a) That our police will only respond where a credible/demonstrable threat to the health or safety of the people of that area exists and the resources of the host city are inadequate to manage it. Mutual aid in times of natural or other types of disasters would qualify for such assistance.
b) That Berkeley officers must abide by the policies of our department and be
accountable to the policies of BPD OVER those policies of the host city. Whatever is not permitted by Berkeley policies will not be required or permitted by our officers in a host city.
The City of Berkeley has the opportunity to send an important message to Oakland Police and any other departments that seek to mass overwhelming force to intimidate protestors. We can include these provisions in our mutual aid agreements and refuse to participate in mass violations of first amendment activity.
FOR MORE INFORMATION
Contact Berkeley Copwatch @ 510-548-0425 or email@example.com
- Video evidence of BPD at Occupy Oakland is available on youtube at :https://www.youtube.com/watch?v=hIk-PIU4CHM
- Disclaimer: Although this video does not represent the de-escalation techniques that generally characterize experienced copwatchers the person taking this video had been up all night and had just witnessed the encirclement and tear gassing of the Occupy Oakland encampment while all media was denied access to the area. It was an emotional time. Generally, copwatchers are trained to de-escalate situations while asserting their rights.
April 15th, 2011 — Berkeley, Homelessness, Local Law, Rights
Yet again, the forces of reaction and ignorance in Berkeley have
gathered their forces and are trying to make the simple act of sitting on a
sidewalk illegal. Though it has been tried many times in the past, the folks
with money and lobbyists seem determined to blame their economic woes on the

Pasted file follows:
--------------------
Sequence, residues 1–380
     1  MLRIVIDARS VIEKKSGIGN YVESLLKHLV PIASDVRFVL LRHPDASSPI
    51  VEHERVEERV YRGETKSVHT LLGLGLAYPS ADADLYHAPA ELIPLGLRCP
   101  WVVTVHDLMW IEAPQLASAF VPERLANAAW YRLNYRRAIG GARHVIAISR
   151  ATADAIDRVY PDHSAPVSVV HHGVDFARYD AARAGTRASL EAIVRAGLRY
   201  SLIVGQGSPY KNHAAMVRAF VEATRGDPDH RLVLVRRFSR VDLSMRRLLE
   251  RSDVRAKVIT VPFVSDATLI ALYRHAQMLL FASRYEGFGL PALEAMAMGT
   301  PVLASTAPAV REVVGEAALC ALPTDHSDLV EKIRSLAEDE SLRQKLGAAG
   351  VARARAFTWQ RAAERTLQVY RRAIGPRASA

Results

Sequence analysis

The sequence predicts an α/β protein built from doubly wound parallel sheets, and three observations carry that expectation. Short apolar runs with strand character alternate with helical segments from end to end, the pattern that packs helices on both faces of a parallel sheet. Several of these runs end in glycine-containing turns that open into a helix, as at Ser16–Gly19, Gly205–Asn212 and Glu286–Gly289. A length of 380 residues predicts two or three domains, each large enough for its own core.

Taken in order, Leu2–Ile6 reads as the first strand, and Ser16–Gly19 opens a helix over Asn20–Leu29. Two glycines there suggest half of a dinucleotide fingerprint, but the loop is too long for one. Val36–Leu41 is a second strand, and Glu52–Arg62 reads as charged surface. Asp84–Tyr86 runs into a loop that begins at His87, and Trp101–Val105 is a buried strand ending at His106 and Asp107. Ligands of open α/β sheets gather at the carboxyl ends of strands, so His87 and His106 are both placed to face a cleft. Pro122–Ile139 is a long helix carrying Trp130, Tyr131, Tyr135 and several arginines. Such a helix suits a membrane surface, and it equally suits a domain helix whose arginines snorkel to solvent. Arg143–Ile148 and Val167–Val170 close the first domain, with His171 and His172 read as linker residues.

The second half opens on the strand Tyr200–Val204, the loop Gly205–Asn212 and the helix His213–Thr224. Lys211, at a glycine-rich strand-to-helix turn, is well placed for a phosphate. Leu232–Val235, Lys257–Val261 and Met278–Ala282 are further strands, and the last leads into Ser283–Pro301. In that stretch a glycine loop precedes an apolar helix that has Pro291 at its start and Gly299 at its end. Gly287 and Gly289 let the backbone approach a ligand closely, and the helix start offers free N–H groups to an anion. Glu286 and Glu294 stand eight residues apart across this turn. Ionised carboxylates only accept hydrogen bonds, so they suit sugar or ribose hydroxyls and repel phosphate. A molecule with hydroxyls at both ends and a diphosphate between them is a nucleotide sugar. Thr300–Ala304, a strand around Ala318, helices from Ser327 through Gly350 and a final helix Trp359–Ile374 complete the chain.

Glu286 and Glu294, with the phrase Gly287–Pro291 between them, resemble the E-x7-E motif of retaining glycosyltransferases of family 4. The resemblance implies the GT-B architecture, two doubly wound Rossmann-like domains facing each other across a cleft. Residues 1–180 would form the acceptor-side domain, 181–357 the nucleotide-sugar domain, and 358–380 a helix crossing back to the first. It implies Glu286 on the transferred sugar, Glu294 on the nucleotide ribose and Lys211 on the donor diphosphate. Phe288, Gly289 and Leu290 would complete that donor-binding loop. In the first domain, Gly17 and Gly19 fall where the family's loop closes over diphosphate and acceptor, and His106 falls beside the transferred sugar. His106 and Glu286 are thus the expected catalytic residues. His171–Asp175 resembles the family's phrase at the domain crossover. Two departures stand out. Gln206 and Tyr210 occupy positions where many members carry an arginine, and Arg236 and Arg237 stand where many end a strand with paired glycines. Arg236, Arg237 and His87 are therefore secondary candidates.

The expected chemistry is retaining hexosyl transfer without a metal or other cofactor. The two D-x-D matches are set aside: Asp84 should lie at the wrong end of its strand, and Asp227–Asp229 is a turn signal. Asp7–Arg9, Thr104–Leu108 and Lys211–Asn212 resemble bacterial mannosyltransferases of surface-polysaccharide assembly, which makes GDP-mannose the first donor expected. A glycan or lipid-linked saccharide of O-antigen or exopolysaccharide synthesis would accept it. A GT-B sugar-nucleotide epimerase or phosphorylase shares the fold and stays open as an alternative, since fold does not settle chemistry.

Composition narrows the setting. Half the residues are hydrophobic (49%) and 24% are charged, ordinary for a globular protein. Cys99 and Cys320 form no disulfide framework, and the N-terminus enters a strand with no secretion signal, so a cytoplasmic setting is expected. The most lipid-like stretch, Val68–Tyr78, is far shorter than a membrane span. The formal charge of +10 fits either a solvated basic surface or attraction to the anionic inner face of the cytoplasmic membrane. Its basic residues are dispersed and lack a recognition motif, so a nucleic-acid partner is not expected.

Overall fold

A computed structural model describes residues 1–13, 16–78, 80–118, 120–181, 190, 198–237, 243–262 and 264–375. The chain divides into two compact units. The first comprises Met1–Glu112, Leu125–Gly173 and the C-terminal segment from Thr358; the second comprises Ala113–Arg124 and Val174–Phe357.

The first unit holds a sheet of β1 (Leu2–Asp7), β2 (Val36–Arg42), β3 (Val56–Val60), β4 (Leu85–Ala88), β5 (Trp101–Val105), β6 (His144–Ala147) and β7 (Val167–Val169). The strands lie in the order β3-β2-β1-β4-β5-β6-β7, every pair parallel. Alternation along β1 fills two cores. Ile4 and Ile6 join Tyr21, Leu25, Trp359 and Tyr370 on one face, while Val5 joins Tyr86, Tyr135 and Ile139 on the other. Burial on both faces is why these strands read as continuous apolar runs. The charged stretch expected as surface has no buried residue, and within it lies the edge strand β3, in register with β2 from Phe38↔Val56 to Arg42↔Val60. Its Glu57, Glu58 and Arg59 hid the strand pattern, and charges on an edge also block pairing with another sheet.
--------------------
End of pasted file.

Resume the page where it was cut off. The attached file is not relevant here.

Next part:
poor people of this city.
Here at Copwatch, we are determined to resist such legislation. There
is already a law which makes laying down on a sidewalk a crime, but the wording
for a new anti-sitting law has not yet been approved. Let’s stop this nonsense
where it starts. Please read and sign the on-line petition and let the City
Council know that you are watching and intend to hold politicians accountable
for scapegoating the poor.
Forward the petition. Send it to friends. These simple acts could make
a huge difference in the way police treat homeless people in our city. Thanks
The link to the petition is:
To contact the coalition email them at: firstname.lastname@example.org
April 3rd, 2011 — Berkeley, Homelessness, Local Law, Rights
“The City of Berkeley Chamber of Commerce will be considering whether to push forward as the leader in this fight at its meeting on Monday April 4 Noon to 1pm at the Chamber office located at: 1834 University Avenue–near MLK.”
Sally Hindman of Youth Spirit Artworks offers up all kinds of ways to plug in immediately to oppose these vicious laws:
March 23rd, 2011 — Berkeley, Homelessness, Local Law, Rights
From the Committee on Government Affairs, Berkeley Chamber of Commerce
Tuesday March 22, 2011
“The San Francisco ordinance has sparked interest in the Berkeley community to investigate whether similar legislation in Berkeley would be appropriate and/or strategic to making the city’s commercial districts more vibrant places in which to do business.”
November 25th, 2009 — Local Law, Police State
From Larry at IndyBay:
“For the first time, amplified sound permits will be required for all amplification, including bullhorn use by labor unions and protest groups (13.40.030(A)).
At the present time, a written warning of a noise violation must be given and 15 minutes allowed to correct the violation before an arrest. The new ordinance requires only a verbal warning and no time period before an arrest. (13.40.030(D))
In addition to the amplified sound permit, a second permit must be obtained from the social planning department whenever any object is placed on the sidewalk during an event (13.40.100 (B 6). This could also affect homeless people who place any object on the sidewalk. “It is unlawful for any person to place….anywhere upon any sidewalk or roadway, any object…” (14.48.170)”
Every credible intelligence agency on the planet (and many a non-credible agency) is expecting mass civil unrest as the current world-wide economic disaster continues to unfold. What’s been happening at UCB may just be the tip of a massive iceberg – preparing to sink the Titanic of global capitalism. How do the powers-that-be plan to respond? I think the UC occupations are a testament to what we can expect. This law just paves the way to shut down and repress popluar organizing and street protest and, of course, to brutalize and kidnap those who engage in it.